Tuesday, July 31, 2012
ESPN hires Seth Greenberg as college basketball analyst
The former Virginia Tech coach moved his family to Avon, Conn., for the new job.
The Roanoke Times | File 2011
Seth Greenberg was fired from his position as Virginia Tech basketball coach after nine seasons. "I’m very proud of what we accomplished," he said. "And now it’s time for me to move on and I guess for Virginia Tech to move on."
Virginia Tech Hokies basketball
Seth Greenberg gained a new employer Monday, and it could very well be his final one.
ESPN announced it has hired the former Virginia Tech coach as an analyst for its men's basketball coverage. Greenberg will spend most of his time as a studio analyst, although he will occasionally be a color commentator on game telecasts.
"It's going to be a different lifestyle, but it keeps me involved in the game," he said in a phone interview Monday. "I'm going to talk basketball and I'm going to have fun doing it. And at the end of the night, when the game's over, I'll probably sleep a lot better."
Is this just a one- or two-year gig for Greenberg until he gets another coaching job? He did not give that impression.
Earlier this month, Greenberg and his family moved from Blacksburg to Avon, Conn., near ESPN's Bristol, Conn., studios.
"We moved up to Connecticut with the mind-set that we're making a commitment to doing this," he said. "I'm excited about the opportunity they're giving me. Like anything I've ever done in my life, I'm going in with both feet in. I wouldn't have moved to Avon, Conn., if that wasn't my mind-set.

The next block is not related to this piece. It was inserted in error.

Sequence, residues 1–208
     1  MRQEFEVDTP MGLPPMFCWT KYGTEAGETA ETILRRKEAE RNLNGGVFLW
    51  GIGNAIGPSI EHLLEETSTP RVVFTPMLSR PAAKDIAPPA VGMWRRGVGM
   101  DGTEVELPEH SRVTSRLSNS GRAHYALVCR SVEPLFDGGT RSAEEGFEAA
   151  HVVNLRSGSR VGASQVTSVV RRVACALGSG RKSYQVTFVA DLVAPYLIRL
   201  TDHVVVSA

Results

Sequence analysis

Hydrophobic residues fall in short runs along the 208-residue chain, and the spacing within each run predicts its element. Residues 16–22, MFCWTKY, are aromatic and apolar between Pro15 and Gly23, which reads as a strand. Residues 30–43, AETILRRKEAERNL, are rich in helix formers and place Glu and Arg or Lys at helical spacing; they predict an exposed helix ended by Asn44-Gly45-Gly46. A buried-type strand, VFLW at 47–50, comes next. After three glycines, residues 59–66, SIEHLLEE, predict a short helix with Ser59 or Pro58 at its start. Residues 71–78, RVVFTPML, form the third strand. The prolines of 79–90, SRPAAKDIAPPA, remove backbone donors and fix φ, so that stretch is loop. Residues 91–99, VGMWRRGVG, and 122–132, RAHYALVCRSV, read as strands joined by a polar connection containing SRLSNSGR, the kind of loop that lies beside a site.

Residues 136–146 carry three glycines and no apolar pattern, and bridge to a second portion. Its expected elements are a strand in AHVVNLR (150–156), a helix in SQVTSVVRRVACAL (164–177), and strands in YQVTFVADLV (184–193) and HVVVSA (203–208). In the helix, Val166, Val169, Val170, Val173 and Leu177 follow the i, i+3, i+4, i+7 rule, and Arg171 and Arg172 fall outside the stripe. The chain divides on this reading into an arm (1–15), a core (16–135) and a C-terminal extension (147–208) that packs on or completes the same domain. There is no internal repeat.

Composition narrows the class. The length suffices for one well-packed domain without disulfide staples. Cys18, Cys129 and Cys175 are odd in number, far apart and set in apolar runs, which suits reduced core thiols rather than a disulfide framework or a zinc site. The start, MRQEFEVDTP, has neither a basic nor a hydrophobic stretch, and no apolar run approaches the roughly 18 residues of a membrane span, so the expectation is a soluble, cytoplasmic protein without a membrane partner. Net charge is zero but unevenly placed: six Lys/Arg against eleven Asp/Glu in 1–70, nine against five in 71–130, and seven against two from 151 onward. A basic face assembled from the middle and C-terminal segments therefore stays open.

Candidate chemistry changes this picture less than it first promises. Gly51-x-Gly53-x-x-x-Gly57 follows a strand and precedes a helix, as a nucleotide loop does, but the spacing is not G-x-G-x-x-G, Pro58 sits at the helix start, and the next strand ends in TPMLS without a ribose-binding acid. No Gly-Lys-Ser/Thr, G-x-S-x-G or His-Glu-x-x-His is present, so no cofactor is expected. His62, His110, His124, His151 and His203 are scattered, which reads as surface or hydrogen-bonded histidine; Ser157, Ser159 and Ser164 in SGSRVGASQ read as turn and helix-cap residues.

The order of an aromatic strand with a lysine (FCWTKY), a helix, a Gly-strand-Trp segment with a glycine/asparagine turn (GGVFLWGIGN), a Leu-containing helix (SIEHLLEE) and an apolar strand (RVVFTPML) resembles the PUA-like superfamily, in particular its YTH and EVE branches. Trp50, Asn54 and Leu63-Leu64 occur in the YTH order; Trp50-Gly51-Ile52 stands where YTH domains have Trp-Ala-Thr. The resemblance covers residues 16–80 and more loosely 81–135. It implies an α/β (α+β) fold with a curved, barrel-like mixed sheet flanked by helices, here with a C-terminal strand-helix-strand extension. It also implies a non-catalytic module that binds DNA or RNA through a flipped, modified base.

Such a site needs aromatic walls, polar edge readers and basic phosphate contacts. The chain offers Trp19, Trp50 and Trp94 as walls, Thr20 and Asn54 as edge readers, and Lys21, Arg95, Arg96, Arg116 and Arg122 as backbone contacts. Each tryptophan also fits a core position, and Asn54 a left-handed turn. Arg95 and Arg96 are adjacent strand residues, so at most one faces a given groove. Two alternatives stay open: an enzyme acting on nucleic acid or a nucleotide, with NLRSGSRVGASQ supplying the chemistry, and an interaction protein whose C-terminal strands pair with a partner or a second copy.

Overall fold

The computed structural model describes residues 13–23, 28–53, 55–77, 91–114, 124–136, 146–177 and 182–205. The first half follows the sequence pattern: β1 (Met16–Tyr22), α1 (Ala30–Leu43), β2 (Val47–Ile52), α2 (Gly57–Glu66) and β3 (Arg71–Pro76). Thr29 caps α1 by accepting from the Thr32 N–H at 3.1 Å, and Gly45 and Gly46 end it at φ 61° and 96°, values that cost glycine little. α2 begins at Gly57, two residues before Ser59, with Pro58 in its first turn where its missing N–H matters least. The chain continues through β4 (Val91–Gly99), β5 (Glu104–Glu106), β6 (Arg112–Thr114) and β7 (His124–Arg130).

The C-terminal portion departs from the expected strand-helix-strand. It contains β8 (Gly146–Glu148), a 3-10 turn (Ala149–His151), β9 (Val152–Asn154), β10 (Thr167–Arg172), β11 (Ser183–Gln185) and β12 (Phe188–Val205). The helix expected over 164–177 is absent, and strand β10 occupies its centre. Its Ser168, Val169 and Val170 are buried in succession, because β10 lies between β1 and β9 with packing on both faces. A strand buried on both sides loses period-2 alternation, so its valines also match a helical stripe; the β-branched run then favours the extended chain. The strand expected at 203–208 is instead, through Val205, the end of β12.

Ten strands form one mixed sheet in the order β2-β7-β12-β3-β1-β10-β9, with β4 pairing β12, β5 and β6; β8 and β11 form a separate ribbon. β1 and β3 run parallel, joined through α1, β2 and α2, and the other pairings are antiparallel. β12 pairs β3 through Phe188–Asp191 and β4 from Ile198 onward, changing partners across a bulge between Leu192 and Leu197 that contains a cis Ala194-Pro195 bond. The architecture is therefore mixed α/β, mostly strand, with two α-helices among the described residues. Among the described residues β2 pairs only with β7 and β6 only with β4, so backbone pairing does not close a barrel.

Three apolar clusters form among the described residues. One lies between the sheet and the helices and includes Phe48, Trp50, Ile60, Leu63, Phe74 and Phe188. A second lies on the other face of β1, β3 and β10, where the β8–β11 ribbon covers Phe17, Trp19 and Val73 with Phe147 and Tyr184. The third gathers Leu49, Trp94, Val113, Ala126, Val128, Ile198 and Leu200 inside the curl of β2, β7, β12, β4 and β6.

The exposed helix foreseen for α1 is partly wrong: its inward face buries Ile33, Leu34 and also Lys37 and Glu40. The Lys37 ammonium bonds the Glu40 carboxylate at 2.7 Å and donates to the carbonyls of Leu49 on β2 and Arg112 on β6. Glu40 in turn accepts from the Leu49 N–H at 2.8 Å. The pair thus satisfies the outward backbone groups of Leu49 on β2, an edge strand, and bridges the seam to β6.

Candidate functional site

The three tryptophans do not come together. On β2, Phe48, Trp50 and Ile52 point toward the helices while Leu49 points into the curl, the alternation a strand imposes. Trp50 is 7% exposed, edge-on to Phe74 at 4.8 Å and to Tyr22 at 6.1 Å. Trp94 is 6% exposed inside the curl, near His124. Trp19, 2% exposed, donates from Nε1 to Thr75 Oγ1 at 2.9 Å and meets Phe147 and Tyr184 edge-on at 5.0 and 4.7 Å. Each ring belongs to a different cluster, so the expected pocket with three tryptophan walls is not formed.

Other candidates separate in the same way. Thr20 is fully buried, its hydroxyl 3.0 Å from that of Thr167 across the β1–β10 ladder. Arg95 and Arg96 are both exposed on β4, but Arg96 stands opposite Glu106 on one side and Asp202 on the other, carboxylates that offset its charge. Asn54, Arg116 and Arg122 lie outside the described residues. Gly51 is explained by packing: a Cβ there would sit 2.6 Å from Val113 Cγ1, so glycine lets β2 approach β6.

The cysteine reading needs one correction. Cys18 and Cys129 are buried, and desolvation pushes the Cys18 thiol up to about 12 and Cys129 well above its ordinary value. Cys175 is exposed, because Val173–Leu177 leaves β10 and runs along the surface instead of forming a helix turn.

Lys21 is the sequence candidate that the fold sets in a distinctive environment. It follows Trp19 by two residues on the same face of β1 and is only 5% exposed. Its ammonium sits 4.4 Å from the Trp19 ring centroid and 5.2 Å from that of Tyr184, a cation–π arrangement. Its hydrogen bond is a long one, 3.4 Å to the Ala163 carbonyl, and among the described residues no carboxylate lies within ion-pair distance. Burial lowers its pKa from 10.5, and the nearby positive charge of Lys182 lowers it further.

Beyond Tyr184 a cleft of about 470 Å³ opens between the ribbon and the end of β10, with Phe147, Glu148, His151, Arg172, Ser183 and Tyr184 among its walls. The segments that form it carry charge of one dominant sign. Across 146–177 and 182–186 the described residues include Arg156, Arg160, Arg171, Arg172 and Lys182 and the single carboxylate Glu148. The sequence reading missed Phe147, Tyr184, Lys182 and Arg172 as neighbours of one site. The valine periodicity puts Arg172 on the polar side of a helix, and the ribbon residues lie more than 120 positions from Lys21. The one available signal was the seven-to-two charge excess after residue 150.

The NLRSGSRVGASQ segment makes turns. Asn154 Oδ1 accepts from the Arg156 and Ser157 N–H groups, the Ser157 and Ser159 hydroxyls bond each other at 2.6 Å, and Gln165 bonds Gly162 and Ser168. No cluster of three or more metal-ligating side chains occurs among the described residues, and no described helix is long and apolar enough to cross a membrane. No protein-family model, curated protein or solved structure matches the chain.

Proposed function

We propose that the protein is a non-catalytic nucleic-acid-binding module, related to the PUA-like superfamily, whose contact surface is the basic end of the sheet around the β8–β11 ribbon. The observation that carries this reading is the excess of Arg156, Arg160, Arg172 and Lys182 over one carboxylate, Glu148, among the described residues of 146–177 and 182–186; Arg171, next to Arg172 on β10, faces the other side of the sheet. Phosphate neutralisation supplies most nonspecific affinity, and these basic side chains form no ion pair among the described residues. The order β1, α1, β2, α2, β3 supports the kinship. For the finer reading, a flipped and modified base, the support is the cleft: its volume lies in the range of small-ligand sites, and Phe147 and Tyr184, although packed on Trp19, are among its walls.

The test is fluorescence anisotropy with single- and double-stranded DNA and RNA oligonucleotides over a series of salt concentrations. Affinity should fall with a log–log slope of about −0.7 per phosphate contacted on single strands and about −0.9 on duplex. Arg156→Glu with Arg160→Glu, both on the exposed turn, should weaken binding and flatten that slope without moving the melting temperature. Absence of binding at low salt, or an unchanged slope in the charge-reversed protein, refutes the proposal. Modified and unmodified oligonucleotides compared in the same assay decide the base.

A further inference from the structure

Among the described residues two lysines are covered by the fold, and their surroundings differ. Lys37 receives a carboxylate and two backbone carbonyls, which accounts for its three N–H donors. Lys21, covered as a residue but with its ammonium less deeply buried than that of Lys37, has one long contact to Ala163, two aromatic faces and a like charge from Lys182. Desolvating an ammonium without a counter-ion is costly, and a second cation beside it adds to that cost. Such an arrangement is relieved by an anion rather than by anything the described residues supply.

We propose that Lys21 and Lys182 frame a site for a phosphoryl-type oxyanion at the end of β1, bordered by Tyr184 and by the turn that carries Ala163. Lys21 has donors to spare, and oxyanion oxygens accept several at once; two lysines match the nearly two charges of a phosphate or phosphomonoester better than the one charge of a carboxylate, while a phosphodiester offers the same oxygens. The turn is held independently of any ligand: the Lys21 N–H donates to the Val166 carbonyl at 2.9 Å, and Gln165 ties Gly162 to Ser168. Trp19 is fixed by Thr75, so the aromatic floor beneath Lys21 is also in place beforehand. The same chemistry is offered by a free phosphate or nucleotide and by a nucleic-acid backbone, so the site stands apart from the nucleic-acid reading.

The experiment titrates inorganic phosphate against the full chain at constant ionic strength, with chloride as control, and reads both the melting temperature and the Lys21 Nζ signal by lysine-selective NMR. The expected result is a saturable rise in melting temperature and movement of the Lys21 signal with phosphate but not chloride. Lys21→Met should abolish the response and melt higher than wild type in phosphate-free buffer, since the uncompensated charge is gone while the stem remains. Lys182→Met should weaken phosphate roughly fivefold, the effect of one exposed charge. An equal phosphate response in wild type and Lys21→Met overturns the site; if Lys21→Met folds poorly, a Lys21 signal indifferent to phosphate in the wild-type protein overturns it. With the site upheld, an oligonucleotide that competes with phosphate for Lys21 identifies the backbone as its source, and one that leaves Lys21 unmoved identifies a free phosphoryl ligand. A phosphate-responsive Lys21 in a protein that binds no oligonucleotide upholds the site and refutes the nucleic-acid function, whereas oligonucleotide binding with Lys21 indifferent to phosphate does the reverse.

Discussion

"This is a great platform for me to share my passion for the game."
Greenberg's middle daughter, Ella, still plans to graduate from Tech in December. His youngest daughter, Jackie, would have been a senior on the Blacksburg High School volleyball team this year but will instead graduate from a Connecticut high school.
Greenberg could have traveled back and forth from Blacksburg to Bristol while his daughters finished school, but he and his wife decided not to put off the move north.
"Being that I was going to be in the studio three or four days a week, I would have missed Jackie's whole senior year," Greenberg said. "That wouldn't have been fair to her or [wife] Karen.
"I didn't think staying in Blacksburg would have been the healthiest for anyone involved."
Greenberg, 56, was fired by Tech in April after nine seasons with the Hokies.
"I appreciate the opportunity I was given," he said. "I'm very proud of what we accomplished. And now it's time for me to move on and I guess for Virginia Tech to move on. I think history will end up proving out that we did some very special things."
Greenberg was 170-123 with one NCAA tournament bid and five NIT berths at Tech.
"I have great memories of Virginia Tech," he said. "It's where my children were raised and grew up. My memories are of graduating every senior but one. My memories will be of taking the worst program in the Big East and making it one of the most successful programs in the ACC over a five-year period."
Does Greenberg still have any anger towards Tech?
"I'm not giving that much thought," he said. "I don't have any control over what happened."
He was replaced by former assistant James Johnson. The two have not spoken since Johnson was hired. Greenberg said he has called Johnson "numerous times but we haven't been able to connect."
Greenberg will often appear in the ESPN studio during halftimes, between games and during the nightly college basketball wrap-up show.
ESPN also announced Monday the hiring of former Tennessee coach Bruce Pearl as a studio analyst and occasional game commentator.
Neither Greenberg nor Pearl will succeed Hubert Davis, now a North Carolina assistant, on the weekly "College GameDay" show. That slot will go to Jalen Rose, who is moving over from ESPN's NBA coverage.